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Adherence to alendronic or risedronic acid treatment, combined or not to calcium and vitamin D, and related determinants in Italian patients with osteoporosis

Overview of attention for article published in Patient preference and adherence, April 2016
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About this Attention Score

  • In the top 25% of all research outputs scored by Altmetric
  • High Attention Score compared to outputs of the same age (85th percentile)
  • High Attention Score compared to outputs of the same age and source (93rd percentile)

Mentioned by

news
1 news outlet
twitter
4 tweeters

Citations

dimensions_citation
6 Dimensions

Readers on

mendeley
15 Mendeley
Title
Adherence to alendronic or risedronic acid treatment, combined or not to calcium and vitamin D, and related determinants in Italian patients with osteoporosis
Published in
Patient preference and adherence, April 2016
DOI 10.2147/ppa.s95634
Pubmed ID
Authors

Silvia Calabria, Elisa Cinconze, Maurizio Rossini, Elisa Rossi, Aldo Pietro Maggioni, Antonella Pedrini, Marisa De Rosa

Abstract

Osteoporosis is a chronic disease and an important health and social burden due to its worldwide prevalence. Literature and clinical experience report incomplete adherence to the therapy. This retrospective observational study aimed at assessing the adherence to first-line antiosteoporosis drugs (AODs; reimbursed by the National Health System, according to the Italian Medicine Agency recommendation number 79), alendronate or risedronate, with or without calcium and/or vitamin D supplements, in a real, Italian clinical setting. Analyses were carried out on data present in the ARNO Observatory, a population-based patient-centric Italian database. From a population of 5,808,832 inhabitants with available data, a cohort of 3.3 million of patients aged ≥40 years was selected. New users of first-line AODs as monotherapy (accrual period, 2007-2009) were followed up over 3 years to assess adherence at 6, 12, and 36 months to AODs and to supplements and related determinants. Approximately 40,000 new users were identified: mostly women, aged on average (standard deviation) 71±10 years. Alendronate was the most prescribed (38.2% of patients), followed by risedronate (34.9%) and alendronate with colecalciferol as a fixed-dose combination (25.8%). Adherence at the 6-month follow-up was 54%, and this constantly and significantly decreased after 1 year to 46%, and after 3 years to 33% (P<0.01). Adherence to the fixed-dose combination was higher than to plain alendronate throughout the follow-up period. Similarly, adherence to supplements constantly decreased with the duration of treatment. Women and patients aged >50 years were more likely to adhere to treatment regimen (P<0.001). The use of drugs for peptic ulcer and gastroesophageal reflux disease and of corticosteroids for systemic use were significantly associated with high adherence at different times. Polytherapy (>5 drugs), cardiovascular, and neurological therapies were significantly associated with low adherence throughout the follow-up period. In a huge clinical practice sample, this study highlights suboptimal adherence to first-line AODs and to supplements and important determinants, such as concomitant therapies.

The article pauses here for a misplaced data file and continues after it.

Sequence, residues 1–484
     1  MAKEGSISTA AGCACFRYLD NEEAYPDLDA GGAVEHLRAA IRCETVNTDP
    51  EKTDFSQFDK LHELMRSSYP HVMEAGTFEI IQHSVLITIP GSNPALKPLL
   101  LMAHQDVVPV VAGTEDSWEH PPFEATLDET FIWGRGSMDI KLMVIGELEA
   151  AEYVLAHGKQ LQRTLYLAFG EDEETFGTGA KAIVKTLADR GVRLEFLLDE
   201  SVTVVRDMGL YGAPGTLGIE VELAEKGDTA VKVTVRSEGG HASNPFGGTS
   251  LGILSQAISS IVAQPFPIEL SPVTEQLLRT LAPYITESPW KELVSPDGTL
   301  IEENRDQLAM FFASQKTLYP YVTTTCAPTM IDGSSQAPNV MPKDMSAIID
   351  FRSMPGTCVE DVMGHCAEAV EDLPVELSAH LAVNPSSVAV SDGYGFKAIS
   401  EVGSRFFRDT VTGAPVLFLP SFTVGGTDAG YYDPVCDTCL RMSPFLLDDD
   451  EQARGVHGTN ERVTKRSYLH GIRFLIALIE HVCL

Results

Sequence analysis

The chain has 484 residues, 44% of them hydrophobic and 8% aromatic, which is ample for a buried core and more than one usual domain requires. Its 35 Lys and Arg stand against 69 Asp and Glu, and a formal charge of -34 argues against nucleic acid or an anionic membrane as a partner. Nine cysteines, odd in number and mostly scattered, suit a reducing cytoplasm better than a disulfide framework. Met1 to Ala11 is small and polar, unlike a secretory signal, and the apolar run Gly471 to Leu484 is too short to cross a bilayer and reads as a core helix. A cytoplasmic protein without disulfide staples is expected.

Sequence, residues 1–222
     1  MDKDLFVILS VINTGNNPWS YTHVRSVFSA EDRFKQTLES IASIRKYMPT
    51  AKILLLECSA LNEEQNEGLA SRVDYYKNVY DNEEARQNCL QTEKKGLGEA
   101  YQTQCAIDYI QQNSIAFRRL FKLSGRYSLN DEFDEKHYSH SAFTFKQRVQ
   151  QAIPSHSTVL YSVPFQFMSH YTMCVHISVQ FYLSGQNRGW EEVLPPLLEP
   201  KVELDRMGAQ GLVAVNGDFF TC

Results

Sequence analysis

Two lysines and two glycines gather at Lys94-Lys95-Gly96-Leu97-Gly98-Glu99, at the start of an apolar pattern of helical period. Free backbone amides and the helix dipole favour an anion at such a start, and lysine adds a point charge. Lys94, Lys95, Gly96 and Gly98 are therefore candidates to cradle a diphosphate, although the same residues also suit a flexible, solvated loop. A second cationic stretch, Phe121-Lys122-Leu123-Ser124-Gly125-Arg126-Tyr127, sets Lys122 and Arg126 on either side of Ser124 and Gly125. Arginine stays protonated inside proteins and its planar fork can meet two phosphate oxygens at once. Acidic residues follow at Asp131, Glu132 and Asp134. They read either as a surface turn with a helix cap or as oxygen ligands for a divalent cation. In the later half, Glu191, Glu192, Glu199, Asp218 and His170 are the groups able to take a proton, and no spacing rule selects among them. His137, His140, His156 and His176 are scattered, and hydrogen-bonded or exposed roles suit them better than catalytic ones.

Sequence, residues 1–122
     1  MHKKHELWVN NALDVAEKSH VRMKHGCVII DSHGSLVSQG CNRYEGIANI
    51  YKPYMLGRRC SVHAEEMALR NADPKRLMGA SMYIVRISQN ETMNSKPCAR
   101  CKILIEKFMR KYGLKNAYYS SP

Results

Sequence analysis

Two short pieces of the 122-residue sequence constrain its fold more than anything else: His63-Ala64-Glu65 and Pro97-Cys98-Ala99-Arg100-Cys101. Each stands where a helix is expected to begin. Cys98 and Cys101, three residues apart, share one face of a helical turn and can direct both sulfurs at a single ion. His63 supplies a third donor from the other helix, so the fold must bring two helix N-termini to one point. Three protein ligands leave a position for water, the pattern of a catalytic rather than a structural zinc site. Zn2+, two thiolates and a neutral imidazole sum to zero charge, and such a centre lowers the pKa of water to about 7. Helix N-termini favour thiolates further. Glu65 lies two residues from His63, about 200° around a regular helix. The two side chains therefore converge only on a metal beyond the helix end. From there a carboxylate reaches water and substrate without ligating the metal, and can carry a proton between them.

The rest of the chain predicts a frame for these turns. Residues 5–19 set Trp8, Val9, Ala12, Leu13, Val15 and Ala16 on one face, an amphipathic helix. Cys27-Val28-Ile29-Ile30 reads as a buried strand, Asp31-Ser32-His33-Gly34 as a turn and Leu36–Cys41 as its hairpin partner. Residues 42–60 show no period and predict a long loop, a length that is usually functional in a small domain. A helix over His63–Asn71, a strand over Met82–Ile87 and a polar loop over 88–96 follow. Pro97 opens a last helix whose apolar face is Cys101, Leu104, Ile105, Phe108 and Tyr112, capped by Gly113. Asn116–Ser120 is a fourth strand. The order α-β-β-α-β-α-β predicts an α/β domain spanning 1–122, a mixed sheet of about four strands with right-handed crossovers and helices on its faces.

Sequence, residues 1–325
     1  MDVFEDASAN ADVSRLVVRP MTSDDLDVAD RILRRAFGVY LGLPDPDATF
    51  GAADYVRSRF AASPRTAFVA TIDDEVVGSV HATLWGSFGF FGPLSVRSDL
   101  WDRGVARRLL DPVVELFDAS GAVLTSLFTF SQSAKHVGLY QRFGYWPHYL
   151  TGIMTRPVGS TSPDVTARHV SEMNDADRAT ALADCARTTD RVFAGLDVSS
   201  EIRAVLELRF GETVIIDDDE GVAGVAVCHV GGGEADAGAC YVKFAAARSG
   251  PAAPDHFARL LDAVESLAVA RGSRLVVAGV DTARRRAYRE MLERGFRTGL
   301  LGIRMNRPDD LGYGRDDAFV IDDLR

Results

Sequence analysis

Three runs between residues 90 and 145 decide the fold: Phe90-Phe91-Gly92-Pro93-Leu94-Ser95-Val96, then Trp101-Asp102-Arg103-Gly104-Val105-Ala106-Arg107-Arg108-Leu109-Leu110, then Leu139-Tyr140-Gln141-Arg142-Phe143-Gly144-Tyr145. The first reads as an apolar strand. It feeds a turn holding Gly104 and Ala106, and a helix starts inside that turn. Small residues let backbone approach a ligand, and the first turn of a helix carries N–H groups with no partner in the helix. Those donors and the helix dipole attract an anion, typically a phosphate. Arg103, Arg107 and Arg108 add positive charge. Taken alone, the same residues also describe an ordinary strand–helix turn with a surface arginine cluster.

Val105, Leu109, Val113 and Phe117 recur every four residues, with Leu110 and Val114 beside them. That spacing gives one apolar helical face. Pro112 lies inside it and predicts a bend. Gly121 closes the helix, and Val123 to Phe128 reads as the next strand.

Twitter Demographics

The data shown below were collected from the profiles of 4 tweeters who shared this research output. Click here to find out more about how the information was compiled.

Mendeley readers

The data shown below were compiled from readership statistics for 15 Mendeley readers of this research output. Click here to see the associated Mendeley record.

Geographical breakdown

Country Count As %
Unknown 15 100%

Demographic breakdown

Readers by professional status Count As %
Researcher 4 27%
Student > Doctoral Student 2 13%
Lecturer 2 13%
Other 2 13%
Professor 2 13%
Other 2 13%
Unknown 1 7%
Readers by discipline Count As %
Medicine and Dentistry 11 73%
Social Sciences 1 7%
Pharmacology, Toxicology and Pharmaceutical Science 1 7%
Unknown 2 13%

Attention Score in Context

This research output has an Altmetric Attention Score of 11. This is our high-level measure of the quality and quantity of online attention that it has received. This Attention Score, as well as the ranking and number of research outputs shown below, was calculated when the research output was last mentioned on 18 February 2017.
All research outputs
#932,963
of 9,077,263 outputs
Outputs from Patient preference and adherence
#56
of 867 outputs
Outputs of similar age
#39,166
of 275,223 outputs
Outputs of similar age from Patient preference and adherence
#4
of 65 outputs
Altmetric has tracked 9,077,263 research outputs across all sources so far. Compared to these this one has done well and is in the 89th percentile: it's in the top 25% of all research outputs ever tracked by Altmetric.
So far Altmetric has tracked 867 research outputs from this source. They typically receive a little more attention than average, with a mean Attention Score of 5.3. This one has done particularly well, scoring higher than 93% of its peers.
Older research outputs will score higher simply because they've had more time to accumulate mentions. To account for age we can compare this Altmetric Attention Score to the 275,223 tracked outputs that were published within six weeks on either side of this one in any source. This one has done well, scoring higher than 85% of its contemporaries.
We're also able to compare this research output to 65 others from the same source and published within six weeks on either side of this one. This one has done particularly well, scoring higher than 93% of its contemporaries.